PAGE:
What did you study and where?
Eline: I did a master’s in translation at Ghent University. Then I took a postgraduate diploma in Computer-Assisted Language Mediation (CALM). As part of that postgraduate diploma, I did a work placement in Project Management at Blue Lines.
Marion: I studied translation, bien sûr! I started with a bachelor’s at Marie Haps and then a master’s at the University of Louvain (UCLouvain).
How did you end up doing your placement at Blue Lines?
Eline: Stef and I had been following each other for a while on Twitter. In the year that I was doing my master’s, I set up my own translation agency with a few other students as a placement project. At that point I contacted Stef to do a test translation and later I also talked to him about CALM. He said to me then that I was always welcome to contact him for a placement as a project manager, and that is how it all started.
Marion: Each year my university provides a list of the different places that accept students on placements. Because Virginie also studied at Marie Haps and did her placement at Blue Lines, I found out about the company simply by looking at the list. However Blue Lines was a company that immediately attracted my attention. Firstly, I liked the website as soon as I saw it, and secondly the values it conveyed appealed to me: quality and professionalism expressed through dynamic, humorous and very youthful communication! Serious work in a fun environment: that was exactly what I was looking for.
What expectations did you have of a placement?
Eline: I really wanted to find out about the ‘other side’ of the world of translation. At university, the main focus was on the work a translator does, but I also wanted to know what goes on at a translation agency.
Marion: I hoped to discover the professional world of translation. I wanted to know what working as a translator was like and to find out what my work was worth in real-life conditions rather than just in the classroom. I was also interested to learn about project management and to see how a translation agency worked. And I wasn’t disappointed!
What did you think of our translation test?
Eline: Difficult! I remember that there was a block of text about perfumes that really had me racking my brains. There were also a few sneaky pitfalls to test the translators. You realise right away that Blue Lines sets the bar high, so of course that makes it particularly good news if you pass the test!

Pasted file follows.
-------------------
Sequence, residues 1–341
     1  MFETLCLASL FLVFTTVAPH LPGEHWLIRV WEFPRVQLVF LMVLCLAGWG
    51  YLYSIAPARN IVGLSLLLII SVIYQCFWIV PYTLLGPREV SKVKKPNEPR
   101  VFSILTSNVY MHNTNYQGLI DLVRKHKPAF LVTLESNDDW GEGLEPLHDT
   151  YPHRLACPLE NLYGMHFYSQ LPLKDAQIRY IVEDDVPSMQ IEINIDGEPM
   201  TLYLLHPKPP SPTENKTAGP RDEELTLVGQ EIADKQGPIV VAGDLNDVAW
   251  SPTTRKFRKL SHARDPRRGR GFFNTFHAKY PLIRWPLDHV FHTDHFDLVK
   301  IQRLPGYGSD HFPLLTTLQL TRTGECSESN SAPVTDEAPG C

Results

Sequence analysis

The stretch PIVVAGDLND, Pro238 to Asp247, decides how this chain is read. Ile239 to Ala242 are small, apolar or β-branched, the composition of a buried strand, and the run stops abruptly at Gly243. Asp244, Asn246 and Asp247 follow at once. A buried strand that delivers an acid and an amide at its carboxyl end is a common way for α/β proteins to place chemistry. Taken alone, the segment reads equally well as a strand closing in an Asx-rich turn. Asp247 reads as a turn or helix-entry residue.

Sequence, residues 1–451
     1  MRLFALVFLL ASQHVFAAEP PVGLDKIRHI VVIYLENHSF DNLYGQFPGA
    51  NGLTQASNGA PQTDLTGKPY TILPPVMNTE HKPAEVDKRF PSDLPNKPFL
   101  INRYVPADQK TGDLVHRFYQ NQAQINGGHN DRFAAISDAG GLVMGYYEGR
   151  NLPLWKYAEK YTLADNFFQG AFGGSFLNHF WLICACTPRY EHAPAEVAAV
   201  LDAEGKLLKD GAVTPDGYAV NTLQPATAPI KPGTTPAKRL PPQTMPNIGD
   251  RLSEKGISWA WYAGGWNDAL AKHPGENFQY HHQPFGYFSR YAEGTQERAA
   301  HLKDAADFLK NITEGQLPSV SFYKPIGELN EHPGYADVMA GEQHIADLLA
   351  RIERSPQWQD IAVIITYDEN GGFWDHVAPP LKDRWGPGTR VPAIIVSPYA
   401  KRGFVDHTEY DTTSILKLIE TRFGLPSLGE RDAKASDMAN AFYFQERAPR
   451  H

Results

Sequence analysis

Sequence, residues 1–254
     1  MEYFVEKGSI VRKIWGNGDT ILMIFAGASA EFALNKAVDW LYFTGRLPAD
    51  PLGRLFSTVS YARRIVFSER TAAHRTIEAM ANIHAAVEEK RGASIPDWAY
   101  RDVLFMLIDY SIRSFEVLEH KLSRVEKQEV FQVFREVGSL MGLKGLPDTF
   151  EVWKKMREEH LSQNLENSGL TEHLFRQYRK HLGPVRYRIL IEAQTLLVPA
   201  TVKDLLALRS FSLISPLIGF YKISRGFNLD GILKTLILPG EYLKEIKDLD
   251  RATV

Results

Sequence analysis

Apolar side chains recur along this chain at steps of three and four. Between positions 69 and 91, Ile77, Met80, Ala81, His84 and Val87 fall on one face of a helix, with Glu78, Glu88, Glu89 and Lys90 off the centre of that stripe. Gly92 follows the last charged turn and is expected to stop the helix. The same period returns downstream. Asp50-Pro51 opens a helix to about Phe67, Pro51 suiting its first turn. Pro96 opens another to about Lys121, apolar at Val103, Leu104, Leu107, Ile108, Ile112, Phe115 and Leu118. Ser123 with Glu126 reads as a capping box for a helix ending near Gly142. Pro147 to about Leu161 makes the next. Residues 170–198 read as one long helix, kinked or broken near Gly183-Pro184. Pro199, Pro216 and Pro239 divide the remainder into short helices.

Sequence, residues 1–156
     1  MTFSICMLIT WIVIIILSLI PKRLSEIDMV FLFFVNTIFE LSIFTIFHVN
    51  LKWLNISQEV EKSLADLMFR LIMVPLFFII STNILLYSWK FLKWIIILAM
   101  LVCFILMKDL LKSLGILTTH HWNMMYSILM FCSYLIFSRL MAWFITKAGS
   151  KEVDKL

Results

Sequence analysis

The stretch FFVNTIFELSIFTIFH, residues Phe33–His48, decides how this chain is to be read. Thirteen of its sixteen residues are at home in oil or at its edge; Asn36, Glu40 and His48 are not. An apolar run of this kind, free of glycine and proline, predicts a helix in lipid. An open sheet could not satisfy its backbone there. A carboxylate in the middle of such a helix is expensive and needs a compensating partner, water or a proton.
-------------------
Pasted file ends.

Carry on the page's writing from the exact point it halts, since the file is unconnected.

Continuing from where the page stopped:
Marion: I found it really tricky but fairly comprehensive: I got the opportunity to show what I could do. It covered various types of texts, standard errors and a range of pitfalls. But I’m not going to say any more… I don’t want to give the whole game away!
What was your first impression of Blue Lines?
Eline: Twitter and the contact I’d had with Stef already gave me a sense of Blue Lines as a young, modern company. When I came for my interview, that impression was definitely confirmed: Blue Lines is a trendy company with a youthful mindset, and everyone who works there has a good sense of humour! To top that off, it is housed in an attractive, pleasant (and very green!) office in a lively complex. So my first impression was very positive.
Marion: I clicked with the Blue Lines team and philosophy right from the start: serious, high-quality work in a friendly, relaxed environment. I felt at home really quickly and people put their trust in me. It’s the kind of setting where you feel motivated to give the best of yourself. What’s more, I’ve hardly ever seen such a pleasant, trendy office! The jungle is a workspace with a good feel to it.
What did you learn?
Eline: I learned all sorts of very different things: how you can behave in a professional but friendly way towards customers and translators, how to estimate the time a translation or project will take, how to ensure a project goes well from start to finish. I really brushed up my French in the three months I was there as well, and I even spent a week doing copywriting, which is something I had never done before! As a translator, I also found it really interesting to work at a translation agency and learn what the PMs and customers expect from you and your translation.
Marion: I learned a lot about project management for sure, and I think I can say that my translation skills improved as the weeks went by. But I’d say I learned most at a personal level: I learned to work in a team and, above all, to be confident in myself and my abilities.
Did you have the feeling you were getting enough coaching during your placement?